Al-Jazeera on 23 November reported Bangladesh and Myanmar have finally signed a deal for the return of hundreds of thousands of Rohingya refugees from Cox Bazaar. In the same week, the Myanmar Times constructed a triumphantly sounding report declaring, “Refugee deal inked, repatriation to begin”.
It is understandable that, after years of senseless genocide, mass displacement compounded with Myanmar’s stubborn headedness in accepting the Rohingya as its constitutional citizens – the news might come as a change in tone to most.
However, there is a need to dissect this matter to provide an intelligible conjecture.
It is worth noting the MoU between Bangladesh and Myanmar is signed at the executive level. Union Minister for the Office of the State Counsellor, U Kyaw Tint Swe and the Minister of Foreign Affairs of Bangladesh Abul Hassan Mahmood Ali represented each country in inking the document.
However, the agreement at the executive level has also excluded key Myanmar military officials.
This is an important observation to be brought to the light of the day, considering how the persecution of the Rohingya’s is strategized and coordinated largely by the Myanmar Military. The monopoly of such critical portfolio equals to Tatmadaw’s coverage on policy and decision making power. In addition, the Military fills a quarter of Parliament’s seats, enough to block any constitutional amendment that would limit its authority.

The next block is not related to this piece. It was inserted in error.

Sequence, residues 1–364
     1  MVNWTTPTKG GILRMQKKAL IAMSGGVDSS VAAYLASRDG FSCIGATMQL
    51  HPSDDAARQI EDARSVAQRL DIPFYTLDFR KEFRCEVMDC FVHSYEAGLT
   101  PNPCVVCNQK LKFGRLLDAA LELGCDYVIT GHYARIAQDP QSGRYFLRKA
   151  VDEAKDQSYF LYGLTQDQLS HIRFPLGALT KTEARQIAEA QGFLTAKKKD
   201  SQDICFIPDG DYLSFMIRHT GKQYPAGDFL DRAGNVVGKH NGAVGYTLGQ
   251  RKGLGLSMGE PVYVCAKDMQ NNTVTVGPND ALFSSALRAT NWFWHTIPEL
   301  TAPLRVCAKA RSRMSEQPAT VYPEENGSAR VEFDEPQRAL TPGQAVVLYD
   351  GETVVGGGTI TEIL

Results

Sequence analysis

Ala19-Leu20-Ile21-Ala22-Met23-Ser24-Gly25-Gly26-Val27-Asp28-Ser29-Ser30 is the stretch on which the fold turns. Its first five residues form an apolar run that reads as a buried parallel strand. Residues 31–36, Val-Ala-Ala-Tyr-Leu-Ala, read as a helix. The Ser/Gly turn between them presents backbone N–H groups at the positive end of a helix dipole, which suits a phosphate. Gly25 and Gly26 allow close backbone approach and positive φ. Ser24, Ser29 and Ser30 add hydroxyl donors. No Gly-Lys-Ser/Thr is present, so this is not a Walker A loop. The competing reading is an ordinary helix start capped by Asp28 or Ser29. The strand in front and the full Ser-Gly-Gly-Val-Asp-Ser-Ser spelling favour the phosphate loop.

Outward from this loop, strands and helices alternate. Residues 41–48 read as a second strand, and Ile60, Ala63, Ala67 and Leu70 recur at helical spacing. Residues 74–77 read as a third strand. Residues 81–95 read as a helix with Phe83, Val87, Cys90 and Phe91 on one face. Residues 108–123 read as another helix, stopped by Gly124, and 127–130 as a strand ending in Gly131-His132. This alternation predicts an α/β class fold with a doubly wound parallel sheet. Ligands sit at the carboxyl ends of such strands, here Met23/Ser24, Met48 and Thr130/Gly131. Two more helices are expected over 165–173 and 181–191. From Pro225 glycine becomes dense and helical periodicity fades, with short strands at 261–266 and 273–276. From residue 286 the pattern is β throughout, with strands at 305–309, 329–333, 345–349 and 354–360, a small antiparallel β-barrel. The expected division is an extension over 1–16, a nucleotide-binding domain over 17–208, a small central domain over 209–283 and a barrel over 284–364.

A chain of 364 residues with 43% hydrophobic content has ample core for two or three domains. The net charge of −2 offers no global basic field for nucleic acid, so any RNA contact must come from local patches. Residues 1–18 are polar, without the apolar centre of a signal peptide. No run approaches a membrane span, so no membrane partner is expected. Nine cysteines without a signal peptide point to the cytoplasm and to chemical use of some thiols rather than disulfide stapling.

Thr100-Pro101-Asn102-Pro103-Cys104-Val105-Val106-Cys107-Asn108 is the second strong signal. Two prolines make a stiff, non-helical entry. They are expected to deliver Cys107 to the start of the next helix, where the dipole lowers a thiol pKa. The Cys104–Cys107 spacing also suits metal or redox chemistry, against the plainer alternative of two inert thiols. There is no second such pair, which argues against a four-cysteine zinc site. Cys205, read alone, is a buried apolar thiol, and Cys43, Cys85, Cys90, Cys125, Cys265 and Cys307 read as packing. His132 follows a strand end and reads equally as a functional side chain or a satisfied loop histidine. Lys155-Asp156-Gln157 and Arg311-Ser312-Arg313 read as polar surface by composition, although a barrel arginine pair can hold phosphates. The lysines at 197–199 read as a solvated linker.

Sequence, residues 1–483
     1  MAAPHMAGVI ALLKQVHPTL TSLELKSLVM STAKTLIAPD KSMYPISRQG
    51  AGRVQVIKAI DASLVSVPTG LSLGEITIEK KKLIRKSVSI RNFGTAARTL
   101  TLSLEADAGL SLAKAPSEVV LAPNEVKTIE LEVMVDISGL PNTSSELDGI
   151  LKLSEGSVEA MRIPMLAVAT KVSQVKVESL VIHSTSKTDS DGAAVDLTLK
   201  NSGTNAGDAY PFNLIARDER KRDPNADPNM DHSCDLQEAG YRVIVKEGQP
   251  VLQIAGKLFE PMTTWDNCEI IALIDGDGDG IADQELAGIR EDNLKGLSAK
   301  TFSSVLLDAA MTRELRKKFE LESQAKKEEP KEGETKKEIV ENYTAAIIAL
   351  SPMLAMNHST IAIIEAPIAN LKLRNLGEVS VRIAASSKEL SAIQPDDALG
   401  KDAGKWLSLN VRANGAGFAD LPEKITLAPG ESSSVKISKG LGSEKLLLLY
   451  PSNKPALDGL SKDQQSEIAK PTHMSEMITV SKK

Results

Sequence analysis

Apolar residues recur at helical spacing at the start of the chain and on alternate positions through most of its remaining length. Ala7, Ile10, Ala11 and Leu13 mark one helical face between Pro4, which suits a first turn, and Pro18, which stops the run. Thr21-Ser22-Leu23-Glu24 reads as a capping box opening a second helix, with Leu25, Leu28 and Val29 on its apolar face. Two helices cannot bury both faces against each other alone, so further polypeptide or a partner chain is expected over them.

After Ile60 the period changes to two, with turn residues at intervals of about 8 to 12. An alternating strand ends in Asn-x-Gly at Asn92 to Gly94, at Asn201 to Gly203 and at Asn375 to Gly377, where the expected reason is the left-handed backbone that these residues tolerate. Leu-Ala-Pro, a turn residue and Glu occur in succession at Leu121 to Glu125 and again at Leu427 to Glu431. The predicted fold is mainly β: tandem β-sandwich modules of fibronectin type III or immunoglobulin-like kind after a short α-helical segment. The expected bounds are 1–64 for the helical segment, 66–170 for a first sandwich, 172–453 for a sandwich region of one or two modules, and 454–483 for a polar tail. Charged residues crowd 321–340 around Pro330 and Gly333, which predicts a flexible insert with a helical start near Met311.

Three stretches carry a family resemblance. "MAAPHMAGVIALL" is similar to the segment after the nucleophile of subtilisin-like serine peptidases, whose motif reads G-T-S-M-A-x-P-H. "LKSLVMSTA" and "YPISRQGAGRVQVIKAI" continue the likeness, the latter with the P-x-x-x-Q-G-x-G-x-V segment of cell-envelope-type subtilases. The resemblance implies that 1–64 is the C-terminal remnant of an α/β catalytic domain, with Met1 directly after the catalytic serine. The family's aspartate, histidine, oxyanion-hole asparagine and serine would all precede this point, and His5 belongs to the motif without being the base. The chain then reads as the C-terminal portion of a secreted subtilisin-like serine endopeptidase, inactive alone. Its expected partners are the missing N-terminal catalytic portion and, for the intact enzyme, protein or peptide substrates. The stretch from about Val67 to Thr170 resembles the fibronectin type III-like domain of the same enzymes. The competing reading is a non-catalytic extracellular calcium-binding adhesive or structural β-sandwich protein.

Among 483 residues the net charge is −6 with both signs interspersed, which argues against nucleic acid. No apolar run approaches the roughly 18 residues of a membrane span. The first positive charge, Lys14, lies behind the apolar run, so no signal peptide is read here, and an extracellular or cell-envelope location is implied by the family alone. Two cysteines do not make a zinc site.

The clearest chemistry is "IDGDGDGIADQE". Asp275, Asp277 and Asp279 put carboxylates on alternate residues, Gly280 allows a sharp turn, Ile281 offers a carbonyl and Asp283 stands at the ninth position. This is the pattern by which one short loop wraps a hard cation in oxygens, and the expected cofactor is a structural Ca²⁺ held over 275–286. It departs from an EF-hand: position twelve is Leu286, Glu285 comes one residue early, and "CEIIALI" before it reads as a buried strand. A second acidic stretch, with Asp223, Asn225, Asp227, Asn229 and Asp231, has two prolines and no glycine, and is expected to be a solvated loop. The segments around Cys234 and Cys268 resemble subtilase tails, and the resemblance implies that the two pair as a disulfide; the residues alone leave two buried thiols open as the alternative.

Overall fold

Hence it is fair to argue the recent MoU can’t be taken at its face value. Ministries headed by civil officers and Ministers including Aung San Suu Kyi arguably do not have any control over the country’s military forces that are enacting the brutal campaign against the Rohingya.
As put forth but various commentators in the region, the signing of the recent agreement may have meant as a strategic effort to mitigate Myanmar’s image abroad after receiving a barrage of criticism on its Rohingya policy. Others have also pointed how it may have been executed to prepare for the arrival of Pope Francis to Myanmar in the same month.
For the record, the pope has been an ardent critic of Myanmar’s treatment of the minority group in Rakhine.